Believe big and do the work

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Summer fishing is tough. It is hot, the weather is unpredictable, and the fish can be too.

You never know what you will need because the fish and the water can be so finicky, you may need to go deep and into wide open water one day, and then hit the banks the next. So, if fishing over the last 40 years has taught me anything is that no matter the day, the weather, or the location, you will always experience a bad day sometimes.

We have seen it all before. There are masters of the trade, like Rick Clunn, David Fritz, and Gerald Swindle that just have bad days on the water. No matter what you throw, those fish just won’t bite, or something happens that causes you to lose the fish. I have seen fish swim up to the boat and spit the hook out. I picture them swimming away and laughing at us. If we could predict every action those fish would take, there would be a lot more weight brought into the weigh in. But, if you have watched any of the Bassmaster Elite Series or the Opens, you will know that there are some tournaments that are won by ounces not always pounds and several of those nail-biter endings can result from an angler who has had a bad day.

I just wrapped up the Elite event on the St. Lawrence River in Clayton, NY. I went into the St. Lawrence competition feeling good. I fished there last year and had a plan. I knew where I needed to go, and I knew what I needed to tie on. Unfortunately, due to covid-19, the body of water I was counting on was off limits. We were unable to fish Canadian waters, which of course is where my fish were. I knew right when the new location was decided for our take off, I would have to put in extra hours on the water to find the fish I needed to make the cut.

We had three and half days to practice. The first 3 days were brutal. The whole field fought 40 mph winds and five-foot waves. The water was rough, but I stuck it out, reformulated my plan, and on the last day of practice, I found what I thought was the right strategy.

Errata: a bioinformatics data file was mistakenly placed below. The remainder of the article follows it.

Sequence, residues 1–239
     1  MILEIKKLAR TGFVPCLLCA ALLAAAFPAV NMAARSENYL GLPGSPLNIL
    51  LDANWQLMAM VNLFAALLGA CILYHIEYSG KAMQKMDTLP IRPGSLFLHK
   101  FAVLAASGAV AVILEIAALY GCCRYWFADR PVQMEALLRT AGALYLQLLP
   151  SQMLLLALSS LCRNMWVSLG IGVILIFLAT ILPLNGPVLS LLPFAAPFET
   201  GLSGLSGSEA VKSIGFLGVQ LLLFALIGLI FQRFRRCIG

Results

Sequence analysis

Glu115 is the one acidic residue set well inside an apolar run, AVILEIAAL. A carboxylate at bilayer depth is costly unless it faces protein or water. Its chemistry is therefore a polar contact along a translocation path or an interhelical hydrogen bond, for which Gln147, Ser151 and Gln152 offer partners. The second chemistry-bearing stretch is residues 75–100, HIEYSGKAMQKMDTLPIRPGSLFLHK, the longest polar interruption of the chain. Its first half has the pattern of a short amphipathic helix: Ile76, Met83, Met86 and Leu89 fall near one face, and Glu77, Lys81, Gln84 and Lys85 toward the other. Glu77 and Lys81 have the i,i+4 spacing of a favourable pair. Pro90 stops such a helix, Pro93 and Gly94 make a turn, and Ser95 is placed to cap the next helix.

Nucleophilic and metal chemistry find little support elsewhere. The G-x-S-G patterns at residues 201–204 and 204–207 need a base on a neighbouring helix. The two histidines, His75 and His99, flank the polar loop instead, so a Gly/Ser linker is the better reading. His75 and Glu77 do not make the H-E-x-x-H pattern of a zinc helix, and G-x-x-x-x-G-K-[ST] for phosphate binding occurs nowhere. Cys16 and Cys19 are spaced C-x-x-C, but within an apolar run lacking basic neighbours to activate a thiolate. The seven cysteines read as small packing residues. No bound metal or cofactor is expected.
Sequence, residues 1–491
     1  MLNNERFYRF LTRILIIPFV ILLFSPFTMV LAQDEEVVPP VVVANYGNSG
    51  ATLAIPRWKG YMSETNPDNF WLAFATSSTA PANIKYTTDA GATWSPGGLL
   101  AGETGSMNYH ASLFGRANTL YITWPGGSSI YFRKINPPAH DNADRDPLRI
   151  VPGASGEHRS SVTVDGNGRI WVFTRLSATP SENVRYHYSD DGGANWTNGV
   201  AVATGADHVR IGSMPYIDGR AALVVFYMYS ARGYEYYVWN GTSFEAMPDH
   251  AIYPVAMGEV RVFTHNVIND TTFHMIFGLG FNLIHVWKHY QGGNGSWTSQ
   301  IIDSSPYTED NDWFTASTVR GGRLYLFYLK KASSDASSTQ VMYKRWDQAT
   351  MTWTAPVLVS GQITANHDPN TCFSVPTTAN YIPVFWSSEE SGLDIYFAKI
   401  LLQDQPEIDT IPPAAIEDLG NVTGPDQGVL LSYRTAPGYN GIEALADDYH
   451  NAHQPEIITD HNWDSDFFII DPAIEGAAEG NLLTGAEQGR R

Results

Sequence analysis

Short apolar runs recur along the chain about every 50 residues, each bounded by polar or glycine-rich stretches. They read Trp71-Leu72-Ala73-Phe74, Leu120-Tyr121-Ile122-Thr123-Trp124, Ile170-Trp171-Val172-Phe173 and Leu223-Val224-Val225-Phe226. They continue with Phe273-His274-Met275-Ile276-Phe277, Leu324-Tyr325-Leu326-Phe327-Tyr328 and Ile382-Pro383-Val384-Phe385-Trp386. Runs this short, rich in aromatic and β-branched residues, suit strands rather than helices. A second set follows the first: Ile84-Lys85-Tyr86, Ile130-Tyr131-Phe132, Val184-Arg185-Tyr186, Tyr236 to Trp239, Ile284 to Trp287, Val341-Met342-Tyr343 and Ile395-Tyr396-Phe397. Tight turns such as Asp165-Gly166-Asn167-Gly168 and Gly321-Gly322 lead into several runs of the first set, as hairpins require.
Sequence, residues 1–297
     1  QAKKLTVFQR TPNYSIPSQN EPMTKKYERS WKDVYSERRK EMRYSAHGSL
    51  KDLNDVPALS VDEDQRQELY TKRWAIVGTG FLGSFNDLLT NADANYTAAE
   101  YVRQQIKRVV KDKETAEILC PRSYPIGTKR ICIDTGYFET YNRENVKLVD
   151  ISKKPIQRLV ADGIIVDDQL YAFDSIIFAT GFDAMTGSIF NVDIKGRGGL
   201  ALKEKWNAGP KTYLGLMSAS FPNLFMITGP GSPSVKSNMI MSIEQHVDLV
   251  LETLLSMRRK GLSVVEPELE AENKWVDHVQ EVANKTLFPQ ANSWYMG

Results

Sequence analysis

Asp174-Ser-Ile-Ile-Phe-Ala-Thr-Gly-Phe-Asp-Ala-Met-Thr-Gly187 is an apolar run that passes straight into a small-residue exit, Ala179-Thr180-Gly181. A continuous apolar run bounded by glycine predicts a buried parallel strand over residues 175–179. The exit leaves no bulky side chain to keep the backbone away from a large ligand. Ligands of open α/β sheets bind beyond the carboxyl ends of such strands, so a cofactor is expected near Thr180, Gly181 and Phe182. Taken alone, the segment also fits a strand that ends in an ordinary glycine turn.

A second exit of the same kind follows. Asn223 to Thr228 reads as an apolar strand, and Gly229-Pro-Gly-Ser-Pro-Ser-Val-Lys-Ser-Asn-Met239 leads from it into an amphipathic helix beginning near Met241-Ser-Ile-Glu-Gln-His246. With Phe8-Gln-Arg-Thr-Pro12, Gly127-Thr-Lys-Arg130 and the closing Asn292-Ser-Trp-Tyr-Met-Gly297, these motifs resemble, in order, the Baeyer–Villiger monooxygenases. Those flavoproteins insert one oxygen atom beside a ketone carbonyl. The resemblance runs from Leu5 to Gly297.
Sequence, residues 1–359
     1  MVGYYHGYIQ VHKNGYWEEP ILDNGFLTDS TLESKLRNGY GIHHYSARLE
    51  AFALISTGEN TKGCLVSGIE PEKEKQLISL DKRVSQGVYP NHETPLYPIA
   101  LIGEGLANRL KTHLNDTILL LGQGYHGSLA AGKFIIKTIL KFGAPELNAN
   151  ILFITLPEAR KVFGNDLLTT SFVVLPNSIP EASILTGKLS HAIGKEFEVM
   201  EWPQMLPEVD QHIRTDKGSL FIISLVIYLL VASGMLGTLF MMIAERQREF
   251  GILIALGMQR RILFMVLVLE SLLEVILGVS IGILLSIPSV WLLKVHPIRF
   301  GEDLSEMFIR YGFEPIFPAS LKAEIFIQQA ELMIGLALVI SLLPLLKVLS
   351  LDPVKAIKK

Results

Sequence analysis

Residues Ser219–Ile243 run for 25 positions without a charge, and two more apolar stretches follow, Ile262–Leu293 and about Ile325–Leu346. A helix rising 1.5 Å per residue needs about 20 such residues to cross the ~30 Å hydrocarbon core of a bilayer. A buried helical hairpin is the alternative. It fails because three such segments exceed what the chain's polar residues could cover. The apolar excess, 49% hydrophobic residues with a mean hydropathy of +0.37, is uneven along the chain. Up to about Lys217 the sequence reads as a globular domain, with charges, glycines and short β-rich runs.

When competition started, I found the fish, but the fish did not cooperate at all. I did everything right. I had the right tackle. All my rods were spooled with the right Sunline. My Xpress X21 was ready to go, and my maps were ready. Even the weather was cooperating. Sadly, there were several large ones that I just could not capitalize on. This time was not my time.

This time the fish won. This time, I picked myself up, dusted off my Cashion Rods, polished my Yamaha 250Sho, and headed to Lake Champlain, where I get to do it all over again. If you are fishing competitively or just for fun, we all experience this. You never know when you will have a bad day, but what you do after that is what counts. If you look at any of the anglers I mentioned above or even myself, we do not recount those bad tournaments over and over until it drives us crazy. We don’t go around complaining about the water or the weather, or blame other anglers or our equipment. We own it. We learn from it. We go back out there and do the work. Most importantly, we do not stop believing in big dreams.

My wife speaks a couple of verses over me before every tournament: 1 Chronicles 28:20 and Proverbs 16:3. The first one, 1 Chronicles 28:20, is a reminder that God have us covered. Until His work is finished, I need to believe big, be courageous, and do the work. The second, Proverbs 16:3, is a reminder for me to commit my plans to God before I head out. He wants to know what we are thinking. He wants to be a part of our lives and to see us live out the plan He has for us. We have bad days because we are being prepared for what is next.

What do you think you are being prepared for? Whatever it is, do not let the bad days be the end. Remember to pick your head up, do the work and believe big. It is what we are supposed to do.

Harvey Horne, native of North Louisiana, and former Union Parish resident, is in his second year fishing the Bassmaster Elite Series and also fishes the Bassmaster Eastern Opens. He currently resides in Northwest Arkansas with his wife Rhonda, a native of Marion, and their two children.